After gaining the rights, plays take many months in the planning, and whilst we had auditions in January 2023, over the months of preparation, for many reasons, I had a 50% cast turnover before rehearsals began. This turned out to be serendipitous because audiences are clear that all six characters are beautifully drawn and convincingly portrayed. 

Prior to beginning rehearsals, each actor discussed their vision and background for their character, and to support becoming a ‘50s person, girls were given rehearsal stockings and rope petticoats, and the men explored handling hats. 

Because this is such a visual show, Adelaide costumers Gillian Cordell and Sandy Faithful began the process by researching the looks and styles of the eras of this play. Gillian researches and sources costume gems; Sandy loves to sew, obsessively ensuring that actors feel and look good in clothing to support them in giving their best performance. 

Seemingly joined at the hip, both love those aspects, and for this show, scoured Therry’s wardrobe department, Op Shops, private collections and, using 1950’s paper patterns, created beautiful gowns that looked brilliant on the actors and against the set. 

To complicate their task, the play has two characters who live in the ‘50s (Johnny and Judy), two who live in the ‘now’, but flirt with the look and lifestyle of the ‘50s, Fran (Jessica Corrie) and Marcus (Adam Schulz), and two powerful women, Alex (Lani Gerbi) and Sylvia (Deb Walsh), who put the rabid into feminism, each epitomising strong, powerful modern women. The result was three different costume styles that meticulously supported the story. Our local daily paper commented, ‘Costumes from Gillian Cordell and Sandy Faithful are sensational.’ They were ‘chuffed’.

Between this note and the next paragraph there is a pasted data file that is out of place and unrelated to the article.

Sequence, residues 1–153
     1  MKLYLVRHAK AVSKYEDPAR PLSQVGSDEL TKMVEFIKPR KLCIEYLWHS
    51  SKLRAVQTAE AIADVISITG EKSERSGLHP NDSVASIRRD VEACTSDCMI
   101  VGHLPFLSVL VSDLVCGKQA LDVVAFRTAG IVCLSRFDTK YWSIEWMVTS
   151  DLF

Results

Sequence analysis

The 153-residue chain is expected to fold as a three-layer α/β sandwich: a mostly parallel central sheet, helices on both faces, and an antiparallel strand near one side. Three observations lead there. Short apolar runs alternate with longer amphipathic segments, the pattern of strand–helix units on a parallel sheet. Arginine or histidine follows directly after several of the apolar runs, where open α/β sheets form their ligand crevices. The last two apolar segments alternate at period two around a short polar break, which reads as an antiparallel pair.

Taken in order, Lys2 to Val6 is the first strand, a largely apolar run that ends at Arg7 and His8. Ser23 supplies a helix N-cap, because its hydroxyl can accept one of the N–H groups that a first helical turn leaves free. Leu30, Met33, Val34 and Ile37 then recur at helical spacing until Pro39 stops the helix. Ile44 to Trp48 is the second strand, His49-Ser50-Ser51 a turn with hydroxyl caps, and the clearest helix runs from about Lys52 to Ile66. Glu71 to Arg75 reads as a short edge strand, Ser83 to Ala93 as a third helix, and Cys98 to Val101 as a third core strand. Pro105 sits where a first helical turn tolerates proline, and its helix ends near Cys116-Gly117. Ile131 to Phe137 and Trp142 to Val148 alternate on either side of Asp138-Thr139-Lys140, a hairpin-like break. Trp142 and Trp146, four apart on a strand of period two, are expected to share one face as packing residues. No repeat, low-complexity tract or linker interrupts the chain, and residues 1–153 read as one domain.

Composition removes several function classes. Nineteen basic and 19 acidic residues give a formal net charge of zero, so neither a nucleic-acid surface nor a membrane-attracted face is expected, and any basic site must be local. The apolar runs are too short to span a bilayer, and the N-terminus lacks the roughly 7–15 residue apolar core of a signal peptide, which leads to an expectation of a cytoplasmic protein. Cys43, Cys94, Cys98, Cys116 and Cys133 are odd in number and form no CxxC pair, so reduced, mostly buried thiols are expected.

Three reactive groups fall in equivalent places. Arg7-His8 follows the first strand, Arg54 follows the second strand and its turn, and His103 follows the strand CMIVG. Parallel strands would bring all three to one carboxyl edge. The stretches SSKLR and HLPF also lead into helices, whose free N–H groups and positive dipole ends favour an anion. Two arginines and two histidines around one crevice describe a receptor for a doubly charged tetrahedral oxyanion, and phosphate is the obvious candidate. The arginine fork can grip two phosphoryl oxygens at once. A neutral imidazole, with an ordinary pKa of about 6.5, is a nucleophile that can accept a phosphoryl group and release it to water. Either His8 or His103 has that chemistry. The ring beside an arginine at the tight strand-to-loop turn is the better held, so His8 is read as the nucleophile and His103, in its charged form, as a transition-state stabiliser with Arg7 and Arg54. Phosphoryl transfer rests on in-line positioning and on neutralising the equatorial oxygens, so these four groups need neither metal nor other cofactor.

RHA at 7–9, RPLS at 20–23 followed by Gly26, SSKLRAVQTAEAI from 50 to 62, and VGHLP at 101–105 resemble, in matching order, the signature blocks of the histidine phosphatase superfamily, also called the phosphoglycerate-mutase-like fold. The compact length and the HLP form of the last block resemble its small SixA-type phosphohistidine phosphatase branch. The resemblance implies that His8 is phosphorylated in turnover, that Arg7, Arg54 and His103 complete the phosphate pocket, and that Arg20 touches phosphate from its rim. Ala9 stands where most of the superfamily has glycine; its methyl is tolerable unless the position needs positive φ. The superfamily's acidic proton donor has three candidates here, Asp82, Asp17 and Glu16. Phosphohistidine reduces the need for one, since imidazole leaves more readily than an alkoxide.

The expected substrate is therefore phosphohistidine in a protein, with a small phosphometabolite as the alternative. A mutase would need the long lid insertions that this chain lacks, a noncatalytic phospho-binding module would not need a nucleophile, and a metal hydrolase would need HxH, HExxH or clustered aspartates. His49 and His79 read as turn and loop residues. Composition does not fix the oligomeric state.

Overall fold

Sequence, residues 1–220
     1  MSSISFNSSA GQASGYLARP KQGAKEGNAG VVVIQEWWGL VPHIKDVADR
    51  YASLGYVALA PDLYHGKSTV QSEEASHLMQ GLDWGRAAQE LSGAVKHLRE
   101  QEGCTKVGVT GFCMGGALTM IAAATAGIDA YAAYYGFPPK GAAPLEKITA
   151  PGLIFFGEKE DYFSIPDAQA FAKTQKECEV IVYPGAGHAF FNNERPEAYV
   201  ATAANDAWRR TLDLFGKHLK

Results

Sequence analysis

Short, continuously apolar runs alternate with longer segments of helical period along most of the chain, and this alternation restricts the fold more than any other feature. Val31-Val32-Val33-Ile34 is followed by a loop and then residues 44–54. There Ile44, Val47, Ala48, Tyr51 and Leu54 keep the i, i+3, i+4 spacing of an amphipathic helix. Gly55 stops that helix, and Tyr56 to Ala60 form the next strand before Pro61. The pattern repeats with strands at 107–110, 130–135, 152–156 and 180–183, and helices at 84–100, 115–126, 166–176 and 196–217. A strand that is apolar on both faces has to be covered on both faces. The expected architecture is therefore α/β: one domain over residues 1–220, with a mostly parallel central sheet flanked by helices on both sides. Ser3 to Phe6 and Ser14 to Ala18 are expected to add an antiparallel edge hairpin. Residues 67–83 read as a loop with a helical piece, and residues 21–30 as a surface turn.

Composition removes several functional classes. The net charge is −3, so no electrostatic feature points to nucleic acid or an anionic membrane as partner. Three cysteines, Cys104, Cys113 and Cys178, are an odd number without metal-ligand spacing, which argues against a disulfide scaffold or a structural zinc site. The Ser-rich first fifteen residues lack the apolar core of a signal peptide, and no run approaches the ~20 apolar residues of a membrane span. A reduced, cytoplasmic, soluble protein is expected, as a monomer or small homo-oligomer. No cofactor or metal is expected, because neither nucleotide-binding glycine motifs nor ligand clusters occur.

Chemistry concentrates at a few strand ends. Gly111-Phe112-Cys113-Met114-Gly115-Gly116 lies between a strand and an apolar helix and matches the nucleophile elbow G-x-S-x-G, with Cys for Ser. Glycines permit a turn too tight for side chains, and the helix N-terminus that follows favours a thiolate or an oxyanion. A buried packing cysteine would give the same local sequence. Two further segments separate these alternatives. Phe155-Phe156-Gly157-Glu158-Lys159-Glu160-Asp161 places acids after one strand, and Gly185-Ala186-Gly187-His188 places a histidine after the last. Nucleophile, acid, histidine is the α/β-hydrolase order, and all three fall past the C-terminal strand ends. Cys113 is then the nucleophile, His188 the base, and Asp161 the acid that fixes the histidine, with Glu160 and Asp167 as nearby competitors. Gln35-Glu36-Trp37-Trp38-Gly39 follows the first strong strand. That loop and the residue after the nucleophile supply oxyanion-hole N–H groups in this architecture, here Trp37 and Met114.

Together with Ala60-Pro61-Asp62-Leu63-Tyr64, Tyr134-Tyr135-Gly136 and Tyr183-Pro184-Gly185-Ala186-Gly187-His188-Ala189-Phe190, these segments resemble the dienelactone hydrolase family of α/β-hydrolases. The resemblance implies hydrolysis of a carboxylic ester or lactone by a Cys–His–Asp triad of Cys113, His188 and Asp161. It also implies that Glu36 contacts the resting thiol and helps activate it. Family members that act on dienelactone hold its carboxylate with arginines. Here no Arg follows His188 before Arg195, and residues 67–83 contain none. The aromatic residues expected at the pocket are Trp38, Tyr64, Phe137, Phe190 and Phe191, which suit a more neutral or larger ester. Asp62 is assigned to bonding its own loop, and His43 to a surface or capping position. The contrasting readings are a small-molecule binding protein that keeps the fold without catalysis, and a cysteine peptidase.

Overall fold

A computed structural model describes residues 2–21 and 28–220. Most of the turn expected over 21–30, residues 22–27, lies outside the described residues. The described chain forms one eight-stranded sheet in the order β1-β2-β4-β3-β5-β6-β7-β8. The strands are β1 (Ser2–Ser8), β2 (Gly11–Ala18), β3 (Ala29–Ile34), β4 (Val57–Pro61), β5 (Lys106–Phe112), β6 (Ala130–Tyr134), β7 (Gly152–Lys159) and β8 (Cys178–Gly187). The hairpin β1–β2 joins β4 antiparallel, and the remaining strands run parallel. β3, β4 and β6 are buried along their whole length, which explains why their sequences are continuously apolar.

Set Designer Gary Anderson was clear from the outset that his greatest opportunity was creating an additional ‘character’, a set that transported the audience into the feel, style and detail of the 1950s. As early as January, he sketched a two-story English house that was perfect to allow Johnny and Judy to be a real couple who could create and live their perfect fantasy.

It was to be where Johnny was her ‘rock’ (rather like her idol Rock Hudson), and she, channelling Doris Day, could make perfect canapés, create soothing cocktails, and welcome him home, his slippers ready at the door, into their perfectly clean and decorated home. Gary commented that the usual challenge for non-professional companies is always budget, and so he trawled Op Shops, markets, on-line sites and friends’ homes to gather the vinyl chairs, breadbins, Laminex topped kitchen table, mustard green china cabinet and other bric a brac to build his ‘50s set and Judy’s perfect ‘doll’s house’.